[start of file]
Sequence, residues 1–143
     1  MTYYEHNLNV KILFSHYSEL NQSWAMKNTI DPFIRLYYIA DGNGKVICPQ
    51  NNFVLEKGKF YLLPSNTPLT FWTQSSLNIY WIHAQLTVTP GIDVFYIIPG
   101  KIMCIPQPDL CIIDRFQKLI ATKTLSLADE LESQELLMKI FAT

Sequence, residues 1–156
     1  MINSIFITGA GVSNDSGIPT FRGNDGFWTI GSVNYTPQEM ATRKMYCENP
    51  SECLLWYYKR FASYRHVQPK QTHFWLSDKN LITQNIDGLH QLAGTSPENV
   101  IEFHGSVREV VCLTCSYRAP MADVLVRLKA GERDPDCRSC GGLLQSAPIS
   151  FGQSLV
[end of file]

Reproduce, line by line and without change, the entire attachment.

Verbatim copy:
Sequence, residues 1–143
     1  MTYYEHNLNV KILFSHYSEL NQSWAMKNTI DPFIRLYYIA DGNGKVICPQ
    51  NNFVLEKGKF YLLPSNTPLT FWTQSSLNIY WIHAQLTVTP GIDVFYIIPG
   101  KIMCIPQPDL CIIDRFQKLI ATKTLSLADE LESQELLMKI FAT

Sequence, residues 1–156
     1  MINSIFITGA GVSNDSGIPT FRGNDGFWTI GSVNYTPQEM ATRKMYCENP
    51  SECLLWYYKR FASYRHVQPK QTHFWLSDKN LITQNIDGLH QLAGTSPENV
   101  IEFHGSVREV VCLTCSYRAP MADVLVRLKA GERDPDCRSC GGLLQSAPIS
   151  FGQSLV